TSU--Instead of a typical college student’s daily routine, Sora Suzuki practices throwing “shuriken” star-shaped daggers and studying ninja books to replicate techniques performed by the feudal-era covert agents.

The 19-year-old has always wanted to be a ninja, and her passion never wanes.

Her daily practice is part of her activities at the Ninja Club founded in 2018, which is officially approved by Mie University.

Suzuki, a sophomore student of the school’s Faculty of Humanities, played a key role in establishing the club. She now serves as the second-generation president.

Suzuki, who was born in Nara Prefecture, was raised in Tsu. She has always loved samurai TV dramas such as “Mito Komon” from an early age, and also became interested in “shugenja” ascetic hermits and “onmyoji” practitioners of "onmyodo," a type of esoteric cosmology.

But she became particularly fascinated by ninja when she was a junior high school student. When she was watching the “Nintama Rantaro” animated TV show, she found herself admiring ninja novices who develop superhuman skills by diligently making continuous efforts.

With her sheer determination to become a ninja, Suzuki studied hard to get into Mie University, where Yuji Yamada, 52, a leading expert in ninja studies and professor in the school's Faculty of Humanities, teaches.

When she was admitted to the university after graduating from the prefectural Tsu Higashi Senior High School, Suzuki attended Yamada’s class and kept asking him to set up a ninja club in questionnaires. And when Yamada invited her to join an unveiling event for a shuriken throwing dojo (martial arts gym) that opened at the back of the Faculty of Humanities building, she went straight to the professor and begged him to form the club.

In June last year, the Ninja Club was established with Yamada attached as adviser. Suzuki served as vice president even though she was a first-year student at the time, before moving on to serve as president since March this year.

The club caused quite a stir after it was featured in newspapers and TV. But it was also an emotionally difficult time for Suzuki because she got caught up in coordinating requests for media coverage. It has become easier for her to focus on her ninja activities now that the dust has settled.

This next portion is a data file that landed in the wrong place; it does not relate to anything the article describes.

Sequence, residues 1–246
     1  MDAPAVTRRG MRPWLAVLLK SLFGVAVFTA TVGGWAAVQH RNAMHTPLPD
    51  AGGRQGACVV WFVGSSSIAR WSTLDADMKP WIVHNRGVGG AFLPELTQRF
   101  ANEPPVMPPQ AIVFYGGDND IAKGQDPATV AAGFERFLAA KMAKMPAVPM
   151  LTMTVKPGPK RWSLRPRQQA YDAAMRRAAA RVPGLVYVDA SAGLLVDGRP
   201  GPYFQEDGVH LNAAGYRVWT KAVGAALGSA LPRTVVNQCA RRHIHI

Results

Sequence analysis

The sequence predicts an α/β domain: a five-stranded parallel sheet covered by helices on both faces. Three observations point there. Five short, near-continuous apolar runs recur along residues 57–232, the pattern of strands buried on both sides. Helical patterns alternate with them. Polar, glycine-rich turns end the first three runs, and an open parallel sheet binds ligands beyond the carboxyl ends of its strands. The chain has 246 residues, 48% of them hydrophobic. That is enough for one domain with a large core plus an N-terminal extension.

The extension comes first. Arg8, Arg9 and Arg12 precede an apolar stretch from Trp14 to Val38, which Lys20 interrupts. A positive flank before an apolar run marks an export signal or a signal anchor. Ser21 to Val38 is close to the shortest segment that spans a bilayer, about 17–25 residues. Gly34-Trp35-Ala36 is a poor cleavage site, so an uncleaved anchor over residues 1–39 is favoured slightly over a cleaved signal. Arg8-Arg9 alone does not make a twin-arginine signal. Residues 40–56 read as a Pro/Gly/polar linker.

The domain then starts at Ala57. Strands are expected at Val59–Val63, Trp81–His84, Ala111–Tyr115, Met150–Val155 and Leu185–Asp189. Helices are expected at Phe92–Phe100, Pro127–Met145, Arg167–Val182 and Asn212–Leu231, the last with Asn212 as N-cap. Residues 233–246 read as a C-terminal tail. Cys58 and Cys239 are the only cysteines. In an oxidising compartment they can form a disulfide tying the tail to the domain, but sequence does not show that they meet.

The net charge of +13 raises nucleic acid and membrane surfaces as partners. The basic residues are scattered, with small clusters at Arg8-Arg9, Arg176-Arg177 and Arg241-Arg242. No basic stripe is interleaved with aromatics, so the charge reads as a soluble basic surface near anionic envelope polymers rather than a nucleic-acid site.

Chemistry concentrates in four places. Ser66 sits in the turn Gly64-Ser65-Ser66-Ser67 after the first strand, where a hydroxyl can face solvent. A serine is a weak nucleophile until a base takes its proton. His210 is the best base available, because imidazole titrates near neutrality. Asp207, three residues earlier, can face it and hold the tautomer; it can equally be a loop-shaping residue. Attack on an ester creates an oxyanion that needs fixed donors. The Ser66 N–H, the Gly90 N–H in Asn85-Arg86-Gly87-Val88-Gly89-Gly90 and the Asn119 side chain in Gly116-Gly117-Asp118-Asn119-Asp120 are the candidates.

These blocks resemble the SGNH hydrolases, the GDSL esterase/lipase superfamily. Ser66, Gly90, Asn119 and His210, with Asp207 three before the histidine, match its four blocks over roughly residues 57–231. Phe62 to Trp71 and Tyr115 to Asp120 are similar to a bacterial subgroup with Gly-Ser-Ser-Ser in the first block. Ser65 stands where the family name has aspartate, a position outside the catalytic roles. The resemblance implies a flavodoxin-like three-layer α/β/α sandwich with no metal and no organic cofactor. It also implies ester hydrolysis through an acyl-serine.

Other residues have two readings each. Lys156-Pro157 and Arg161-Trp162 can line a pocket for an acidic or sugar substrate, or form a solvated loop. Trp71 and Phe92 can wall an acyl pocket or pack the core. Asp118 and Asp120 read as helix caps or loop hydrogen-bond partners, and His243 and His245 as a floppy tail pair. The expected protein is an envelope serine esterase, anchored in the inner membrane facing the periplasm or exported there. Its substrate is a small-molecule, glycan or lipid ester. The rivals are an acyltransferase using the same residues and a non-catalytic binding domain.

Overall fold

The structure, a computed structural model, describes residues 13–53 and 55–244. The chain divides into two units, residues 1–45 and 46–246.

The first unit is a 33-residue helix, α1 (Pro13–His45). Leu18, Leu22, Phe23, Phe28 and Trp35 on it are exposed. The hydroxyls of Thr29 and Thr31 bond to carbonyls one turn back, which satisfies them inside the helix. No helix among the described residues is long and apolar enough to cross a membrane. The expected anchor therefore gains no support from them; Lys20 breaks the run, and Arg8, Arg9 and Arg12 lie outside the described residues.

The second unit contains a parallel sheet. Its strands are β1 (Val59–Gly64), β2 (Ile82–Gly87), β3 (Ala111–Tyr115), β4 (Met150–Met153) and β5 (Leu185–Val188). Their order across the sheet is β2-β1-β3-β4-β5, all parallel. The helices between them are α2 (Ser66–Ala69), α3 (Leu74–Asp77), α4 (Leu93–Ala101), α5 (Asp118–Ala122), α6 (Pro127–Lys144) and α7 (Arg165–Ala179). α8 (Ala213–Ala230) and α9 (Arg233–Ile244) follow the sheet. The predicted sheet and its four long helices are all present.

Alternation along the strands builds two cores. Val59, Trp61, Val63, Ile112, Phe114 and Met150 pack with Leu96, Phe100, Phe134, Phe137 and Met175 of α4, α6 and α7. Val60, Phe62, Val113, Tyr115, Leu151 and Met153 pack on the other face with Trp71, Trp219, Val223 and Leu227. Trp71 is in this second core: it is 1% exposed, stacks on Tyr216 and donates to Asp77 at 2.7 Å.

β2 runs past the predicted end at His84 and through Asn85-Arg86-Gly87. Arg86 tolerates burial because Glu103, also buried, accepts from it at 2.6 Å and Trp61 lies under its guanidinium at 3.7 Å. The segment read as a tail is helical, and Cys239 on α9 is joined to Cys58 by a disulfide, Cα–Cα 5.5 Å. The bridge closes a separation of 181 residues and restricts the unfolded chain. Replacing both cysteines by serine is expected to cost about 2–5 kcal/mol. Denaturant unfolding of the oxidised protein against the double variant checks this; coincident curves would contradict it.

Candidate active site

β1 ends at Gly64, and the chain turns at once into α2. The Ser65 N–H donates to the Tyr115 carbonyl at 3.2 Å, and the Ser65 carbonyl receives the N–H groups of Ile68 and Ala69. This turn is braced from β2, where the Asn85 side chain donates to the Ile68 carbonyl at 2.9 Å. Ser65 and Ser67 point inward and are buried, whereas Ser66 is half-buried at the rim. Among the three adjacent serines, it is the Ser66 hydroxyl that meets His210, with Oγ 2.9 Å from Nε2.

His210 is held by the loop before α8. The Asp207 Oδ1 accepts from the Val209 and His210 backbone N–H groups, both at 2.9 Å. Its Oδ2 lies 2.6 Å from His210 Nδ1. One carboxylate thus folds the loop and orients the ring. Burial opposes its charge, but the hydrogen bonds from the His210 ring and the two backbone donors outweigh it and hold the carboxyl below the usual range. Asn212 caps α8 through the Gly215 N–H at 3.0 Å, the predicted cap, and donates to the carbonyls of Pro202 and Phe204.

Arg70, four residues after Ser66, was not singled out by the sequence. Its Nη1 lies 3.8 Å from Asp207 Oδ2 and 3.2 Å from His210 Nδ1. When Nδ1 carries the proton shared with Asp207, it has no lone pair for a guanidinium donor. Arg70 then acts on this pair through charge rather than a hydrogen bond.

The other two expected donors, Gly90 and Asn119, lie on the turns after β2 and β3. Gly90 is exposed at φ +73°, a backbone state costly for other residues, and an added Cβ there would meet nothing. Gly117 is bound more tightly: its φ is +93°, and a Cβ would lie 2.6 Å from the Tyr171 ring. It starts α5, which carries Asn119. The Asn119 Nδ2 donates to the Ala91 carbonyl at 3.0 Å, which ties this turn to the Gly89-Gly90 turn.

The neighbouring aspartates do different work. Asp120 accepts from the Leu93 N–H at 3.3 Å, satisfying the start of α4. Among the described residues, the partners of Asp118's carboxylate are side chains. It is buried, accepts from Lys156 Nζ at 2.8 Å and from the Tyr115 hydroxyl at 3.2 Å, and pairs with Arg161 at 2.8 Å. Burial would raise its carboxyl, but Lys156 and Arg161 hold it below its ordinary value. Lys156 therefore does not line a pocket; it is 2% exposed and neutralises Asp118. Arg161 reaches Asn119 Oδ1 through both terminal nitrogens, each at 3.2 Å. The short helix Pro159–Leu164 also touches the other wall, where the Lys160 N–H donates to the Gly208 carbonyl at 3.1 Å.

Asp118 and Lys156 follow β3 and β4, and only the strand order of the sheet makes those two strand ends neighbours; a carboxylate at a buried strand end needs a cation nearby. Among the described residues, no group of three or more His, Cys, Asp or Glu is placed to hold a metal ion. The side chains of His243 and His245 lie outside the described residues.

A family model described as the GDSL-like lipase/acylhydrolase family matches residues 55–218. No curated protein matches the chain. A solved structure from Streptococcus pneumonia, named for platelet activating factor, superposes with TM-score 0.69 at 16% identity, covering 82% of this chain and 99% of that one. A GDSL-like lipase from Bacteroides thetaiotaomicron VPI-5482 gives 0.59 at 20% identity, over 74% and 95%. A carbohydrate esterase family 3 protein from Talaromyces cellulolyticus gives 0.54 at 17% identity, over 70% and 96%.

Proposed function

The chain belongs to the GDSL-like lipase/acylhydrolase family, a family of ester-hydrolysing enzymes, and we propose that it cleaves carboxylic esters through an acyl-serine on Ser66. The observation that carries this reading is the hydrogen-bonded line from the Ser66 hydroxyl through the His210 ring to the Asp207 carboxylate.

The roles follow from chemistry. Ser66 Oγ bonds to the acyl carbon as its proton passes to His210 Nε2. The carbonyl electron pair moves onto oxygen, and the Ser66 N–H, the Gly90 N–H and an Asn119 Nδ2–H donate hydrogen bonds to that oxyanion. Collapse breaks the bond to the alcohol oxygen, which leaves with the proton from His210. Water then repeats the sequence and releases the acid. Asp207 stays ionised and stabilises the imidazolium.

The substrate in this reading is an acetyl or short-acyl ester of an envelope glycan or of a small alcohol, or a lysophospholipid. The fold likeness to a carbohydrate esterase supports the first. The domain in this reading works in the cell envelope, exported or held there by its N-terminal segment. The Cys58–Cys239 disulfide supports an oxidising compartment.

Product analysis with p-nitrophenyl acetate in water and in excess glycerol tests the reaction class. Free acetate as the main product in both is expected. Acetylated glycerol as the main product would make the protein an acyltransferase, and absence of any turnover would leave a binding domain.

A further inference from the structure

There were nine members at the inception of the club, but the figure has grown to 19. Suzuki also makes strenuous efforts to promote ninja culture, especially online. In collaboration with the “Tokugawa Ieyasu and Hattori Hanzo Ninja Squad” formed to promote tourism in Aichi Prefecture, she has created videos to see whether ancient ninja techniques are practicable and distributes them on YouTube. She also shares scenes from her club activities and other information on Instagram and Twitter.

“I want to convey ‘ninjutsu’ techniques to younger generations in an understandable way to promote ninja whose charms are not limited to just jumping around,” Suzuki said.

The president loves practicing interesting ninjutsu techniques from ninja books, such as “ongyo-jutsu” skills for hiding from enemies, with fellow club members.

“I get stage fright, so before I have to appear in public or take exams, I concentrate by reciting ‘Kuji Goshin-ho’ single-mindedly, going, ‘Rin-Pyo-To-Sha-Kai-Jin-Retsu-Zai-Zen.’”

The good thing about being a member of the Ninja Club is that “I receive interest from people wherever I go and have a lively conversation.”

Meanwhile, she feels uncomfortable about female ninja being referred to as “kunoichi.”

“I don’t want to draw a distinction just because they are female,” Suzuki said. “Ninja are ninja.”

“The top priority for ninja was to remain low profile,” Yamada added, because it is said, among other reasons, that they were usually engaged in agriculture to hide their backgrounds during the Warring States period (late 15th to late 16th centuries). It’s not the reason why, but Suzuki is publicity-shy herself. She also finds it uncomfortable to wear ninja attire on her own.

The club’s motto is “Learning ninja in a fun, leisurely manner.”

After college, she wants to find a career that allows her to continue her involvement in ninja, such as working as a curator at the Ninja Museum of Igaryu in Iga, also in Mie Prefecture.